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Why Are Schools Busing Students to Protests?

Today the Star Tribune reported that hundreds of students “walked out” of their schools to protest against guns and school shootings at the Capitol in St. Paul:

The article itself repeats the “walk out” characterization, and otherwise implies that the students were at the Capitol on their own initiative:

An idea that started with a little more than a dozen students ballooned into a huge crowd. Organizers of Wednesday’s protest said they turned to social media to mobilize students from different schools, urging them to wear their student colors and bring their loud voices.

Similar walkouts are planned for other dates in March and April — including the “March For Our Lives” protest organized by the Parkland students and scheduled for March 24 in Washington, D.C.
Asha Abdille and Fadumo Ege, seniors at St. Paul Central High School, were among those who participated in the walkout.

But here’s the thing: these students didn’t walk, they were bused. I happened to be at the Capitol yesterday while the demonstration was going on, and counted at least 12 buses from various St. Paul area high schools. Somehow, the buses don’t figure in the Strib’s story, and the Strib managed to post 17 photos and two videos without showing the buses even once.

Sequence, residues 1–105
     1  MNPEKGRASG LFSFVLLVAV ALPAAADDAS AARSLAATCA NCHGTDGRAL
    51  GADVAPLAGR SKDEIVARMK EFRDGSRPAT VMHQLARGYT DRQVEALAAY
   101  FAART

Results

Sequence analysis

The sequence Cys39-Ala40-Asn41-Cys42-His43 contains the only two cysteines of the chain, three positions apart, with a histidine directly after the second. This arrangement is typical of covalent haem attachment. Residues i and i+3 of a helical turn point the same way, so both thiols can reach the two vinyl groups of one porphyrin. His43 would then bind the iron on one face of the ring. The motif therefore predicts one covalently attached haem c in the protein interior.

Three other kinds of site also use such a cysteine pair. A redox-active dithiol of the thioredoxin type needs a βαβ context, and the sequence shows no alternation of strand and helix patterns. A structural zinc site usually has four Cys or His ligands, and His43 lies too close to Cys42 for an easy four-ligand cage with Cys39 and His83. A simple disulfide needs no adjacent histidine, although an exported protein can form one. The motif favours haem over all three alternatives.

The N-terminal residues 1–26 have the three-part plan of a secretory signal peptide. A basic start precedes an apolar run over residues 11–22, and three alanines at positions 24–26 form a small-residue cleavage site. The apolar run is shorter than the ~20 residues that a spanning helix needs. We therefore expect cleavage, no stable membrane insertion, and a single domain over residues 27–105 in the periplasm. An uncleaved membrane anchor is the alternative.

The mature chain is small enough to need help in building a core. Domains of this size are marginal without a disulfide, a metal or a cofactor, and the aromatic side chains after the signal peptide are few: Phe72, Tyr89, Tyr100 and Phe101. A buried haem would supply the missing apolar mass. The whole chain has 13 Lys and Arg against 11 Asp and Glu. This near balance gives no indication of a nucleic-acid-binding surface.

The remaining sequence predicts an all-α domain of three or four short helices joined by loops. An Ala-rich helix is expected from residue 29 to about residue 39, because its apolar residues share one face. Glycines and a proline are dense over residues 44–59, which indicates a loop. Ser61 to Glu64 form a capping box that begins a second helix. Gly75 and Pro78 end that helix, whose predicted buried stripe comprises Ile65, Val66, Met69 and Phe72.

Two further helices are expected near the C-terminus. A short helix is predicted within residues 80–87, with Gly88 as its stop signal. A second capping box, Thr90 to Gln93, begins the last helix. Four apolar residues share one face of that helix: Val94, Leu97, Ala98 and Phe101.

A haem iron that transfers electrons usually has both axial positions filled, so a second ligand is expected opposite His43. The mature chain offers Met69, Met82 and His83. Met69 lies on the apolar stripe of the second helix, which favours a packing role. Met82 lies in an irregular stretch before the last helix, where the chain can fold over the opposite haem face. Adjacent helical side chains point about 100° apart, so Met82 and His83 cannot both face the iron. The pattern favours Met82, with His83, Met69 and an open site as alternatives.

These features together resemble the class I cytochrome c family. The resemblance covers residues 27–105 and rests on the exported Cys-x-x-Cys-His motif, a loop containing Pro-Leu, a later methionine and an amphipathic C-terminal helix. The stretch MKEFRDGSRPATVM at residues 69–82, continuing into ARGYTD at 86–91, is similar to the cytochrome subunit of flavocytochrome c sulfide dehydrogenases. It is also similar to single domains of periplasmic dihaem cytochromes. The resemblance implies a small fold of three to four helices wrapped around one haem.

“Schools have been supportive, but they didn’t endorse this,” said one of the protest leaders, Ella Doyle, a junior at Cretin-Derham Hall. “Nobody is getting punished for coming here today.”

If the schools didn’t endorse the protest, why did they provide buses to deliver students to the Capitol? To say that “nobody is getting punished” for participating is misleading at best.

For reasons that are hard to understand, metro public schools are encouraging their students to engage in demonstrations. One wonders how far this willingness extends. Will area schools bus their students to a pro-Second Amendment protest? To a demonstration against the forced unionization of teachers? To a tax cut rally at the Capitol? Somehow, I think the answer to those questions is No.

If our public and private schools are concerned about the safety of their students, they would do far better to examine their own security arrangements; to hire one or more armed guards, if they have not already done so; and to allow teachers with permits to carry guns on school premises. Eliminating the foolish “gun free zone” concept is an obvious first step toward making our children safer. For the schools, encouraging students to demonstrate in favor of ineffective and unconstitutional infringements of other peoples’ rights is mostly a dishonest way to pass the buck.




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